The Directors considered how CC could best implement its mission in the future and reviewed a strategic plan. Project proposals in the areas of educational publishing, policy organizations, open licensing courseware and big data were also discussed. The Board expressed its desire to incorporate technical innovation as the bedrock of all program activities and to focus more resources on development of innovative technical capabilities that would encourage the use of CC licenses in today’s platforms and digital devices. Additional appointments to the Board were also proposed.1 Comment »
— Hilda L. Solis (@HildaSolisDOL) September 19, 2012
In September, the Obama administration announced $500 million in grants to community colleges around the country for the development of professional training programs under the new Trade Adjustment Assistance Community College and Career Training initiative (TAA-CCCT), run by the US Department of Labor in coordination with the Department of Education. This is the second round of grants in a four-year initiative totaling $2 billion.
For the first time in a federal initiative of this size, grantees are required to license the training materials they produce under the Creative Commons Attribution licence. In her speech announcing the grants, Secretary of Labor Hilda L. Solis stressed that the open-licensing requirement will make it easier for education providers to build on each other’s work.
It’s striking that this announcement comes within days of California’s first-of-its-kind open textbook legislation. As more government agencies begin to require publicly funded learning resources to be openly licensed, the more impact those resources will have. As Ms. Solis put it in her speech, “‘We’re stronger when we work together’ [is] not just a statement of American values. It’s also a winning strategy for growth.”Comments Off
Mountain View, CA and Cambridge, MA — Creative Commons and the OpenCourseWare Consortium announce the formation of a task force to determine how open educational resources (OER) can support the success of girls and women in science, technology, engineering and math (STEM) in support of the Equal Futures Partnership, announced on September 24 by U.S. Secretary of State Hillary Clinton.
“The gender gap in participation in STEM areas around the world is significant,” said Cathy Casserly, CEO of Creative Commons. “We need to address the barriers to girls’ success in STEM to ensure that the future is filled with bright, ambitious, well-educated people of both genders who are able to contend with future global challenges.”
The OER-STEM task force will examine how OER can attract and support girls in STEM education, including additional support services necessary to ensure high levels of success. OER are high-quality educational materials that are openly licensed and shared at no cost, allowing learners and educators to use, adapt, change and add information to suit their education goals. The task force will include experts in STEM education for girls and women along with experts in OER to determine specific projects that will advance achievement in these important areas.
“We are seeking innovative support solutions for girls to succeed in STEM subjects using open educational resources,” said Mary Lou Forward, Executive Director of the OpenCourseWare Consortium. “Since OER can be accessed freely by anyone, anywhere, and modified to fit different cultural contexts and learning needs around the world, we are looking at this issue from a global perspective.”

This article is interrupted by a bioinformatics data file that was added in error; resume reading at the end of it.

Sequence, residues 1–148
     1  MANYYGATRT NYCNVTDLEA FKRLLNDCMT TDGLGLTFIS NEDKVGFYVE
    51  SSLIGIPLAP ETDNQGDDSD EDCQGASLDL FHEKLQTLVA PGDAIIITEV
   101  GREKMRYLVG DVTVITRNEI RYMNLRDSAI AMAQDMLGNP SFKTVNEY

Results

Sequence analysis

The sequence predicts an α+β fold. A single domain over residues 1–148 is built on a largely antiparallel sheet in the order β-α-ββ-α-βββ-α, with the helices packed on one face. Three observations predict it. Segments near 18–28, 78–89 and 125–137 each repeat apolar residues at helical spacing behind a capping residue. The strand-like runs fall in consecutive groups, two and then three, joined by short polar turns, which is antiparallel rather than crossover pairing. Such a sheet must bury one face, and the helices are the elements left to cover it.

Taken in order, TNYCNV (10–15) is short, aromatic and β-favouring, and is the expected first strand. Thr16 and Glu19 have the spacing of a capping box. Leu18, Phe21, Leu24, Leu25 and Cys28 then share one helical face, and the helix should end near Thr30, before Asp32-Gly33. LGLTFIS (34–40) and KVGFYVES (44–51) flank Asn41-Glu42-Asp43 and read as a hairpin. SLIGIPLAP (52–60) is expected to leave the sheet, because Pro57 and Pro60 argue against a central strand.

About Creative Commons
Creative Commons is a globally-focused nonprofit organization dedicated to making it easier for people to share and build upon the work of others, consistent with the rules of copyright. Creative Commons provides free licenses and other legal tools to give everyone from individual creators to large companies and institutions a simple, standardized way to grant copyright permissions and get credit for their creative work while allowing others to copy, distribute and make specific uses of it.
About the OpenCourseWare Consortium
The OpenCourseWare Consortium is an international group of hundreds of institutions and organizations that support the advancement open sharing in higher education. The OCW Consortium envisions a world in which the desire to learn is fully met by the opportunity to do so anywhere in the world, where everyone, everywhere is able to access affordable, educationally and culturally appropriate opportunities to gain whatever knowledge or training they desire.3 Comments »
It’s official. In California, Governor Jerry Brown has signed two bills (SB 1052 and SB 1053) that will provide for the creation of free, openly licensed digital textbooks for the 50 most popular lower-division college courses offered by California colleges. The legislation was introduced by Senate President pro Tem Darrell Steinberg and passed by the California Senate and Assembly in late August.
A crucial component of the California legislation is that the textbooks developed will be made available under the Creative Commons Attribution license (CC BY):
The textbooks and other materials are placed under a creative commons attribution license that allows others to use, distribute, and create derivative works based upon the digital material while still allowing the authors or creators to receive credit for their efforts.
The CC BY license allows teachers to tailor textbook content to students’ needs, permits commercial companies to take the resources and build new products with it (such as video tutorials), and opens the doors for collaboration and improvement of the materials.
Access to affordable textbooks is extremely important for students, as textbook costs continue to rise at four times the rate of inflation, sometimes surpassing the cost of tuition at some community colleges. So, in addition to making the digital textbooks available to students free of cost, the legislation requires that print copies of textbooks will cost about $20.
This is a massive win for California, and a most welcome example of open policy that aims to leverage open licensing to save money for California families and support the needs of teachers and students. We’ll continue to track this initiative and other Open Education Policies at our OER registry.25 Comments »
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#cc10 is coming! Get ready for a ten-day celebration of the history and future of Creative Commons.
Creative Commons is looking for an experienced, innovative, and technically inclined individual to drive product development at CC.
Since 2010, Arab world–based Creative Commons communities have celebrated Ramadan by organizing Creative Commons Iftars across the region.